With all eyes on PyeongChang, South Korea for the 2018 Winter Olympics, we got to thinking about our own next generation Olympic-level talent here at Hord Coplan Macht. We truly believe that our people are what set us apart and that it’s up to us to create a workplace that they not only enjoy but also excel in. One way in which we’re creating a platform for success is through the HCM Mentorship Program, which pairs ambitious HCMers with leaders who want to see others succeed.
The way we see it, our mentorship relationships are like that of Olympic athletes and the high-caliber coaches that guide and push their protégées to new levels. In this way, we’re creating better current leaders, future leaders, and, in the end, a better environment for our team. All that combined translates to better work for our clients.
One relationship that resulted from the Mentorship Program is that of Cindy Shonaiya, AIA, LEED AP, who leads HCM’s Senior Living Studio, and Wendy Oberer, a Project Designer. They both describe the relationship as starting naturally after working on a committee together and then eventually in the same studio, and it became more formal once the HCM Mentorship Program began.
“I reached out to Wendy directly to start the formal mentorship,” Cindy said. “We deal with a lot of the same issues as women of color – in this profession, there aren’t that many of us. We’re also both moms and wives so we talk a lot about work-life issues and how to handle them. Some of that is why it’s such a special relationship.”
“I was very excited when Cindy asked me to start a formal mentorship relationship,” Wendy said. “Between her experience and success, and the fact that she’s always looking to help me get to the next level, I knew she would be a good mentor for me.”
We’re sure not to just talk the talk, but take it to the next level – just like all aspects of what we do here at HCM. “HCM encourages mentors and mentees to meet for lunch on a regular schedule – monthly is what Wendy and I have set up currently,” Cindy said. “The committee that’s in charge of the program checks in every six months or so to see how things are going, if the relationship is a good fit, what they can do to formally support us, etc.”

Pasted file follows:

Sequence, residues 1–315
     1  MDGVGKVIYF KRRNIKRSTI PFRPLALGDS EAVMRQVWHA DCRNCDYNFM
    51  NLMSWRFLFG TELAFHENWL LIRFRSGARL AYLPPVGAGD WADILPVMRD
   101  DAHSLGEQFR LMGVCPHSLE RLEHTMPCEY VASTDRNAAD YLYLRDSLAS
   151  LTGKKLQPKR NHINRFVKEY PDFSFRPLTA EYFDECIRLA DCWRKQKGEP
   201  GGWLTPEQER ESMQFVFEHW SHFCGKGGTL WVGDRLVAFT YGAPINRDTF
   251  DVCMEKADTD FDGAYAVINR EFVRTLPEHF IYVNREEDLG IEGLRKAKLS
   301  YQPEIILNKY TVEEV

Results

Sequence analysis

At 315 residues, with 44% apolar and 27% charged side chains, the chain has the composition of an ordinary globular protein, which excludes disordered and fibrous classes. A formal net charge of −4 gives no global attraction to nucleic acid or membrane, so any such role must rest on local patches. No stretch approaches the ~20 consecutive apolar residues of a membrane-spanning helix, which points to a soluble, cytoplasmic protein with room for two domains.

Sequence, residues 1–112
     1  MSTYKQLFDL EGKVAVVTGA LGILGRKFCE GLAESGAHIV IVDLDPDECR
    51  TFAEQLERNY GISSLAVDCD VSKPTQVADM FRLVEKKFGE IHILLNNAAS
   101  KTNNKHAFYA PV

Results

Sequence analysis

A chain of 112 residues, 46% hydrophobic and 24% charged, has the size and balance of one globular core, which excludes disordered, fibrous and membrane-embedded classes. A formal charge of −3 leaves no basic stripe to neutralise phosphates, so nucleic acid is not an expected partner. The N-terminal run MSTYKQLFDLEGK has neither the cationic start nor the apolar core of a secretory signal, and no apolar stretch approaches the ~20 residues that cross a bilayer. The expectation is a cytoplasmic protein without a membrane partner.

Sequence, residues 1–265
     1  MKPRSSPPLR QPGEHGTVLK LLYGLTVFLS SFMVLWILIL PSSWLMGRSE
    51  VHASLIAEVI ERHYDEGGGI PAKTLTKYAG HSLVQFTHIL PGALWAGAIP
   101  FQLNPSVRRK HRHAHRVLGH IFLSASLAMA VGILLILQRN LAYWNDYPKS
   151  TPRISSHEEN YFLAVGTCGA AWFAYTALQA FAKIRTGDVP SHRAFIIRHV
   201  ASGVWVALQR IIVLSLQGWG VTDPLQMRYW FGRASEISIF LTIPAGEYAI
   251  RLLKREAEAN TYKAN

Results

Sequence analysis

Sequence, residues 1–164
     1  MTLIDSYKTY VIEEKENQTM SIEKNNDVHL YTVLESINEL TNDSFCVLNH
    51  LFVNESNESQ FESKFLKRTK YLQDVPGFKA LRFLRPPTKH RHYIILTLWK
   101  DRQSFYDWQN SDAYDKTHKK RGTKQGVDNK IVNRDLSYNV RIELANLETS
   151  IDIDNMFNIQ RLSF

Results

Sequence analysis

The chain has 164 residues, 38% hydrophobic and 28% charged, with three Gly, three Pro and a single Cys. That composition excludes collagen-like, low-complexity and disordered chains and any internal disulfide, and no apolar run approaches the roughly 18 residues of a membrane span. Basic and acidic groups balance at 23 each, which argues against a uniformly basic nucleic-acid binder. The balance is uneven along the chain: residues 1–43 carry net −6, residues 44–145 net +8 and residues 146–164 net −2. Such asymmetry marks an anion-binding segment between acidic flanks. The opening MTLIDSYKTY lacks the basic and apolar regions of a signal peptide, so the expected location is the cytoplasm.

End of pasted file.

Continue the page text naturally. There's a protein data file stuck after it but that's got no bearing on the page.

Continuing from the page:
A big part of the Mentorship Program focuses on the path to licensure, something Wendy is currently in the process of and for which she looks to Cindy for guidance.
“When you have a family, it’s not easy to go home every night and study for your exams,” Wendy said. “Cindy’s a mom too and she gave me great advice about how to make it work, studying in tidbits here and there, at lunch, etc.”
“I serve on the Maryland Board of Architects, the body that licenses architects, so I have a strong belief in the benefits of licensure,” Cindy said. “I also understand the challenges facing women in the profession, who may be balancing life and work on top of trying to get licensed, so I try to provide encouragement and share tips. It’s something I definitely want for Wendy.”
In terms of how their relationship – and any mentor/mentee relationship at HCM – relates to the Olympics? “I actually don’t see it as a coach/player relationship,” Cindy said. “It’s really more of team sport. If I had to pick a sport that illustrates the mentorship relationship, it would probably be bobsledding. I see it as us hurtling through life together. Sure, at certain points, one person is pushing and the other is driving or steering, but the bottom line is that we’re in it together.”
“I feel the same way,” Wendy responded. “She’s not coaching me because in order for her to do that, the relationship would be more like her training me to get to Point A so she can get to Point B. But it’s not like that. It’s more that if I’m successful and happy and so is she, we all win from the relationship. She influences me and I influence her back. We all succeed together, we all fail together, we all stand up together.”
Looking for a firm that wants to see you succeed and will go above and beyond to ensure you do? Check out our open positions. Your mentor (or mentee) could be waiting.